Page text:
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I open the vent most of the time. More than combustion gasses to expell, heat, odors, moisture etc; wife would prefer to leave it closed. She gets cold. Our microwave above the stove has an outside exhaust which we both use frequently when cooking.
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Old 05-29-2012, 10:49 PM   #10
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Propane smell in RV

Our stove top lifts up and can be taken off. Then you can use a spray bottle with mostly water and a few gtts. of dish soap to test all stove burners/connections for leaks. Our connection where the gas line comes into the stove had a crack in the fitting. DH smelled gas and he has a poor sense of smell. It will buble up if you have a leak. Fitting replaced and passed the buble test. We also had our Rv dealer do a dropdown propane test to make sure we had no other leaks.
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Old 05-30-2012, 08:00 AM   #11
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Quote:
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Don't necessarily depend on a propane detector either. Distressingly, too many units have these detectors mounted high up. Propane is a heavy gas. It will settle in low spaces which is why it can be especially dangerous in boats. It will collect inside the hull with no place to go just waiting for a bilge pump to start and then boom. Fortunately most RV's are not very air tight at floor level and the gas can leak away but having the detector at 5 feet above floor level is plain stupid. If the gas gets up that high, you have a real problem.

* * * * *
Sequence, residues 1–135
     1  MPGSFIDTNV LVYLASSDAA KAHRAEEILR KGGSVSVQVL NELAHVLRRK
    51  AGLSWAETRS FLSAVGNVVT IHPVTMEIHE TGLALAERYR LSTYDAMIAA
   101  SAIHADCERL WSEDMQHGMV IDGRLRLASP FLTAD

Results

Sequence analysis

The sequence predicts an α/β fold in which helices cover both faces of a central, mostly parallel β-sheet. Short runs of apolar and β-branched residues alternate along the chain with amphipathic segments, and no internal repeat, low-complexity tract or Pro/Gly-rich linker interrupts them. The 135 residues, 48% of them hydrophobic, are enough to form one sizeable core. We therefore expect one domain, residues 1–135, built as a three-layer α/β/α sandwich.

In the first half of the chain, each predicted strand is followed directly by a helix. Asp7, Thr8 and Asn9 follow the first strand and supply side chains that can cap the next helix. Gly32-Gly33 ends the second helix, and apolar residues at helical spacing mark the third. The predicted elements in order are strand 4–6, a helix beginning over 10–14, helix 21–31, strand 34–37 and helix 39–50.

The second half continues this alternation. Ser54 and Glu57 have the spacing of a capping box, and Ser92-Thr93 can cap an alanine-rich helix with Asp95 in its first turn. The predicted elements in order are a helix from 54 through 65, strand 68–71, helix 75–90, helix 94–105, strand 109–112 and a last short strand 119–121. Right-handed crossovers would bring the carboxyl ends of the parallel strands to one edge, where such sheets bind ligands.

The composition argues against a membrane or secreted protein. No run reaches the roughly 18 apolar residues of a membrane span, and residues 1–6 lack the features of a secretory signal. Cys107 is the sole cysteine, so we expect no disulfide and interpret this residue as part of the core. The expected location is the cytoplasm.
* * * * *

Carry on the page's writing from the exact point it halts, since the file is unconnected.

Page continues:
I had forgotten that! Would it be a good idea to put a detector out in the tank bay where all the fittings are?
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Old 05-31-2012, 12:35 AM   #12
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I'm not sure how helpful that would be. My tank bay, for example, has an open bottom and even if it didn't, it is so far away from where I am likely to be at any given point I wouldn't likely hear it. Probably the most sound advice that I can give is to have the system pressure tested by a licensed professional. You probably should be doing that at least every couple of years anyways. If the system passes, you can feel some confidence and if it doesn't, it is a case for being repaired by a certified individual. The good news is that Propane does require a fairly strong concentration to be really dangerous. When you consider the amount of propane tanks out there, and the relative scarcity of catastrophic events, it says generally how safe it is.
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Old 05-31-2012, 12:44 AM   #13
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I had forgotten that! Would it be a good idea to put a detector out in the tank bay where all the fittings are?
Wouldn't help. Firstly, with open compartments (which most if not all of them are) the LPG will drop to the ground. Secondly, the open air will disperse it before it can concentrate enough to reach a flashpoint.

If you are concerned about the fittings on your frame tank, you might use the soapy mixture on the fittings at the tank and regulator, looking for bubbles. If leaks, tighten with wrenches.
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Old 05-31-2012, 01:06 AM   #14
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open up the window in the kitchen a bit to replace the air used for combustion, and open a roof vent a bit to allow the moisture from cooking to get out.
Kinda the same here except it also lets some of the heat out as the Fantastic Fan is right over my head when at the stove.